The Asclepiadaceae comprise a large and diverse group of about two-thousand species of plants split into 300 genera. The Asclepiadaceae were separated from the Apocynaceae (Jussieu 1789) by Robert Brown in 1810. Following recent work on DNA and other studies, they have been merged back into a sub-family of the Apocynaceae. Most people seem to have accepted this revision, although only time will tell if it becomes permanent. Other succulent Apocynaceae include Adenium, Pachypodium, and Plumeria.
Asclepiads deserve wider recognition by plant enthusiasts for their unusual and often brightly coloured flowers, with a characteristic five-fold symmetry. In many species the cut stem exudes a milky sap (hence the common name "milkweed") and the flowers are followed by pairs of pods containing tightly-packed seeds attached to silky parachutes.
Some succulent Asclepiads are pollinated by blow-flies. The perfume and hairy texture of the flowers in this group mimics that of rotting carrion. However, many Asclepiadaceae have unperfumed flowers, or in the case of Hoya, a sweet spicy scent produced during the evening and night. Stephanotis floribunda the 'Madagascar jasmine' is sold widely in garden centers because of its perfumed white flowers.
Some non-succulent, frost-hardy Asclepias species are suitable for use as garden plants and are attractive to butterflies and humming birds. However, in warmer countries species of Asclepias have become serious weeds.
Regrettably, the perfume of the flowers illustrated below can not yet be transmitted through the internet, but you can click on the pictures to enlarge them. Plants grown and photographed by RJ Hodgkiss except as indicated.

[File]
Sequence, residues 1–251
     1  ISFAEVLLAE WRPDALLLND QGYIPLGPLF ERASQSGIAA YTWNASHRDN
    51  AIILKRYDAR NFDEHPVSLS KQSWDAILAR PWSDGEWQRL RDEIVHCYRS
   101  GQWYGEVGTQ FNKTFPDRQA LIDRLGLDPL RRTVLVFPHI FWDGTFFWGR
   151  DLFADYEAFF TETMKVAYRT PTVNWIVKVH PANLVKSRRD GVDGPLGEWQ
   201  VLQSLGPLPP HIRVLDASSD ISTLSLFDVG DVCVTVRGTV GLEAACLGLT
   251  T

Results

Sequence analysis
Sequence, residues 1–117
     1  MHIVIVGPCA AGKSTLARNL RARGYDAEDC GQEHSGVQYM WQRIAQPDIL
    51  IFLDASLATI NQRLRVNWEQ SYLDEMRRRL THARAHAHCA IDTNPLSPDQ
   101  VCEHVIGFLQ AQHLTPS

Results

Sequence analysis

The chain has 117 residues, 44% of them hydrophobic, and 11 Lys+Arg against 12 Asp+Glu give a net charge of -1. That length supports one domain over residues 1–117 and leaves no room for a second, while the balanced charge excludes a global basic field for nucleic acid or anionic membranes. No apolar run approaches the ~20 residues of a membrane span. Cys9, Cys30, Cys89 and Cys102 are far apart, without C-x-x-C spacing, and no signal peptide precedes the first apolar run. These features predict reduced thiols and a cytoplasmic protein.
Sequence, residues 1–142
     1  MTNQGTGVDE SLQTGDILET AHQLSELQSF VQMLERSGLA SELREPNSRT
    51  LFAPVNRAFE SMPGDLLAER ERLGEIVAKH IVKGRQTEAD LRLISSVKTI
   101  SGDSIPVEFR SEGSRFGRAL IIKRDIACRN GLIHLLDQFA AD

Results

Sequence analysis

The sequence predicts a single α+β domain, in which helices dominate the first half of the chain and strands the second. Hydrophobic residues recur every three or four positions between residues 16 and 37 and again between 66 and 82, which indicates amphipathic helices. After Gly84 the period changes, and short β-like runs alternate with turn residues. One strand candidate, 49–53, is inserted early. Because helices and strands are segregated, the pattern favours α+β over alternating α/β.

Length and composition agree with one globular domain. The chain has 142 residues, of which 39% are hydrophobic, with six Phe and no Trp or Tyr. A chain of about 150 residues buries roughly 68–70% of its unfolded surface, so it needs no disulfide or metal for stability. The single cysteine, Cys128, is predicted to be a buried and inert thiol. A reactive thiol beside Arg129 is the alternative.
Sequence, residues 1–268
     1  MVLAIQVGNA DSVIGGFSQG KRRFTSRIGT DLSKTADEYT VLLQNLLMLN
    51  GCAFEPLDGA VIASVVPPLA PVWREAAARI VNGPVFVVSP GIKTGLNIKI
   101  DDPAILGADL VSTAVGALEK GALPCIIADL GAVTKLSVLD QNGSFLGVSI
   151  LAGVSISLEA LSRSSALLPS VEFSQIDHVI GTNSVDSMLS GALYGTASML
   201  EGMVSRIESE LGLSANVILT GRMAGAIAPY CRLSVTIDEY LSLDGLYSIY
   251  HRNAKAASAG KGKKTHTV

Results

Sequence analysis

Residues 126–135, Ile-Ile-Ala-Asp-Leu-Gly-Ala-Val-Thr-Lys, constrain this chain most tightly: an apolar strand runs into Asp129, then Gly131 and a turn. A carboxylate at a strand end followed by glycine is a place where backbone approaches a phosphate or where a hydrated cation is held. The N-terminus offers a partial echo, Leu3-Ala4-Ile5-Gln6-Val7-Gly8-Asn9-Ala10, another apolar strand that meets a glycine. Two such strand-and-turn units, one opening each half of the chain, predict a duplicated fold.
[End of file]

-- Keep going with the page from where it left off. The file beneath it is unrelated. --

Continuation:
Orbea ciliata (Diplocyatha ciliata)
This succulent asclepiad from the South African Karroo has attractive off-white odourless flowers about 7.5 cm in diameter. It is relatively easy to grow and propagate and quite free-flowering, but likes to be kept warm. However, in 1996 plants kept absolutely dry survived in a cold-frame through an exceptionally cold U.K. winter. The fringe of hairs on each petal is disturbed by the slightest air currents and is almost always in motion.
More Orbea images
Frerea (once included with Caralluma as C. frerei) is a monotypic succulent genus from India, with a very limited distribution of plants growing in crevices of cliffs at altitudes of around 3000 ft. Although widely cultivated, it is considered endangered in its habitat. Frerea indica is unusual among stapeliads in having leaves on the succulent stems. The leaves can be shed in dry conditions. Some clones have flowers with ciliated edges, although the petals of this specimen only have a few hairs. In cultivation, this plant needs to be kept warm, especially through the winter.
Seen here in flower at RBG Kew.
An easily-grown Huernia, with attractively furry flowers, about 2 cm in diameter at the base of the angular succulent stems.
The flowers of many Huernias produce a characteristic perfume rather similar to that of a mouse that has been dead for some time, and is especially pronounced in my clone of this species. Huernia Boleana is found growing on cliffs in the Bole valley in Ethiopia.
More Huernia images